(CBS) — When it comes to detecting breast cancer, doctors now have new ways to find tumors and save lives.
CBS 2’s Mary Kay Kleist checked out two of the latest technologies at the Radiological Society of North America’s annual meeting at McCormick Place.
This week, 47-year-old Jodi Thielemann will celebrate a life-changing anniversary.
“I was diagnosed almost exactly a year ago,” she says.
She was diagnosed with Stage 2 breast cancer. Jodi, like 40 percent of all women, has dense breasts. That put her more at risk for cancer.
“The risk can be as high as four to six times,” says Jessie Jacob, Chief Medical Officer of Breast Health, GE Healthcare.
It also made Thielemann’s cancer harder to detect.
“Because the cancers are white, the glandular tissue is white, and so there’s lack of contrast, and we miss a lot of those cancers in women with dense breast tissue,” says Kathy Schilling, Medical Director of Lynn Women’s Health & Wellness Institute in Boca Raton, Fla.
Studies released this year have shown that doctors discovered 41 percent more invasive cancers using 3-D mammograms.
Another new technology, the automated breast ultra-sound, uses high-frequency sound waves to make detailed images of breast tissue. It may be more comfortable than a traditional mammogram and is also good at finding tumors in dense breasts.
The ultrasound scanner rests on the patient’s chest. It’s about as heavy as a pile of books.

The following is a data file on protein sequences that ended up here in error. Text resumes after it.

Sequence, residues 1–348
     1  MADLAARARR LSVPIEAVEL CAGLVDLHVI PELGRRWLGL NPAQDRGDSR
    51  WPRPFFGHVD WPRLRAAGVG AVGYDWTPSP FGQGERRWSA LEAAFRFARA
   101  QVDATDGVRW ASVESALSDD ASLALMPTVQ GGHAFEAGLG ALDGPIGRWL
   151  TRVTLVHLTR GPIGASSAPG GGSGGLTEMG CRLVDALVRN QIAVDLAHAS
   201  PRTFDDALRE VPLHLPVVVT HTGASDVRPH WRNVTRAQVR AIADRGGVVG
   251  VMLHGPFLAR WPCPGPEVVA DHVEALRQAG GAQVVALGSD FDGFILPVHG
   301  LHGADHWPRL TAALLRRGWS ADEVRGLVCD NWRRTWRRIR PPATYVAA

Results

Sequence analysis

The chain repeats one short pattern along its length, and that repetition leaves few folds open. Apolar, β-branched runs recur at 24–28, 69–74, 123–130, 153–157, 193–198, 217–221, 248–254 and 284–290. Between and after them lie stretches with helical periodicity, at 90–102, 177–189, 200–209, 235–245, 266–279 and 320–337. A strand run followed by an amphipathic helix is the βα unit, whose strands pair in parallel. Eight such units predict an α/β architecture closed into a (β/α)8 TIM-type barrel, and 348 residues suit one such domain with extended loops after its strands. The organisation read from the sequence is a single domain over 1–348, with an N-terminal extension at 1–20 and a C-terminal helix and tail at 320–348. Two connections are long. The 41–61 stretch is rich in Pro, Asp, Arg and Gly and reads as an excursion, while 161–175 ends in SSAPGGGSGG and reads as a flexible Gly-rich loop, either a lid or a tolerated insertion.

“The type of cancers that we find with automated breast ultrasound are small, which basically means early-stage cancers, the cancers that we want to find,” Dr. Jacob says.
Doctors can sometimes use all of these new technologies together.
“When we combine screening of mammography with 3-D imaging, and 3-D breast ultrasound, they’re complementing each other, and both are finding unique, very clinically important cancers that have the potential to kill women,” Schilling says.
So, will these one day replace traditional mammograms?
“Absolutely. … We have so many different tools available to us to really personalize the care of our patients,” Schilling says.
Blue Cross Blue Shield of Illinois still considers 3-D mammography experimental, investigational or unproven but will consider coverage on a case-by-case basis.
Illinois law requires insurance coverage of additional ultrasound testing for women with dense breast tissue.